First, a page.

It is one of those eternal questions in the business world: why do companies fail? There is no definitive answer, but some people come closer than others to cracking the mystery.
One such is Sir Ewan Brown, a man who has been involved in Scottish business for over 50 years. Last year he set out to see if, by collating histories, experiences and thoughts, answers could be found. In his self-published volume, Brown’s concludes that ‘The prime culprit for each company’s fall from grace was the development of a collective mindset in the boardroom.’
It is a fascinating and very Scottish book because, in particular, he wanted to properly understand why so many thriving, prosperous and, in many cases, longstanding Scottish businesses have failed.
He points out that Scots business and accountants, of which he is one, were, like many ordinary Scots people, revered for their innate common sense. They were thoughtful, canny, perceptive and wise, and often given to shafts of wild humour. But they were quietly successful.
Much of this was sometimes attributed to the nature of the Scottish education system. He sees the ‘collective mindset contagion’ among non-executive directors as originating in classrooms: ‘Spending up to 13 formative years in school conditions us to become listeners and discourages us from being challengers.’
Brown is genuinely puzzled that Scots companies, many of them several centuries old, have fallen by the wayside. There are many reasons, but at the heart of it is a complacency.
Brown warns that offloading responsibilities to external accounting firms is a mistake
‘I don’t start by assuming that it is either a dominant chief executive or a poor chair who is the root cause of the problem’, he says. ‘I favour a deep dive into the collective mindset of the board that gave rise to the appointment of the dominant chief executive in the first place; and the boardroom blindness that failed to recognise the problem when it should have been blatantly obvious that there was something seriously amiss’.
He comes up with a series of warnings, including against illusions of invulnerability; illusions of unanimity; obedience to authority without question; and a lack of diversity and too few independent minds.
Lessons to learn
Brown has simple lessons, including how, in a study of the annual statements of all the FTSE 100 companies in the 1980s, none used the word ‘cash’. ‘Yet, five of the seven companies in this study either ran out of cash or were not able to access funding. The same could be said to apply to Barings, Northern Rock, Carillion, Thomas Cook and Patisserie Valerie.’
He warns that offloading responsibilities to external accounting firms, specialist lawyers and others is a mistake. He also advises keeping non-executives properly informed.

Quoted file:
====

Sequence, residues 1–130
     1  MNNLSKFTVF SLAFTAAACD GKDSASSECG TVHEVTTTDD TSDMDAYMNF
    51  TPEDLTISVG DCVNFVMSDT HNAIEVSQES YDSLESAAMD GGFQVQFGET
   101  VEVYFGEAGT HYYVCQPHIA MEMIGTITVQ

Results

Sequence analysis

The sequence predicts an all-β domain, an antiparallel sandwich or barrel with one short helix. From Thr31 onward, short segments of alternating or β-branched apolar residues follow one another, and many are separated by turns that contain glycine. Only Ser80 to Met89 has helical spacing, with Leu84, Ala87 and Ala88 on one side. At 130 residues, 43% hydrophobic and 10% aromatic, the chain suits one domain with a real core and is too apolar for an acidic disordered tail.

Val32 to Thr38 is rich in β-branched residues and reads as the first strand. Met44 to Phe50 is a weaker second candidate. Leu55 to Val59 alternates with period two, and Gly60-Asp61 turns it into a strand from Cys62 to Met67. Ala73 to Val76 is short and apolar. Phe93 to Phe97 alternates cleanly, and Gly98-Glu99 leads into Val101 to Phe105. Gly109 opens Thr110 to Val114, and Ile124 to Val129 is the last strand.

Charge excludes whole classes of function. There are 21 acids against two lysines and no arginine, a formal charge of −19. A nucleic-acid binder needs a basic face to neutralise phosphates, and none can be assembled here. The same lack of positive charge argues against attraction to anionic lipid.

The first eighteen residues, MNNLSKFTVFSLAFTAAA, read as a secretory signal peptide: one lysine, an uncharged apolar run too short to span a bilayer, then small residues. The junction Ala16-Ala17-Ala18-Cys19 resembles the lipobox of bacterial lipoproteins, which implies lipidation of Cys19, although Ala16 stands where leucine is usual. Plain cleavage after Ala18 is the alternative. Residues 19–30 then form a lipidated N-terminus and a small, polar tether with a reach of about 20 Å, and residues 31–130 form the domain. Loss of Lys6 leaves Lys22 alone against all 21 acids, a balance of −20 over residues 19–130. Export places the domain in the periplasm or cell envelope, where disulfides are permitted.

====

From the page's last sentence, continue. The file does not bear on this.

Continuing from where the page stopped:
Business life in Scotland does not really impinge on the consciousness of the population
‘The reason that the best board papers I received came from Stagecoach Group was that they were drafted to be intelligible to a non-executive director and were pleasingly short’, he recalls. He contrasts this with Lloyds TSB, where reports were drafted by executives and passed through the senior executive and chairman’s committee, ‘without proper thought being given to the ultimate recipients, the non-executive directors’.
Ask the right questions
On auditors, he is very clear. ‘If directors believe that external audit gives them any material assurance, they are mistaken’, he says, ‘because, in a vicious circle, they are actually giving assurance to the auditors rather than the other way round.
‘The annual report is unequivocally the responsibility of all the directors – who must be sufficiently knowledgeable about the company’s business and be able to ask the right questions and mount the necessary challenges in order to vouch for what the company is reporting’.
There is a cultural issue here as well. Unlike in the US, for example, business life in Scotland and the rest of the UK does not really impinge on the consciousness of the mass of the population. It only comes to the fore when a disaster occurs and people then excoriate the auditors.
The public sector goes equally unscrutinised. As Brown says in his latest findings: ‘Within the vast array of Scotland’s national companies and non-departmental public bodies…there is a propensity for precisely the same boardroom malaise that has, so devastatingly, permeated parts of Scotland’s private sector’.
Brown lists the 34 listed Scottish companies that have vanished in the last 40 years; it is a roll call that would probably spur mournful bagpipers into playing laments. But it is not just Scotland that cannot afford to lose this scale of business. The lessons stretch across all of Britain’s inadequate business culture. Brown focuses on his own experience. But it should be everyone’s to think about.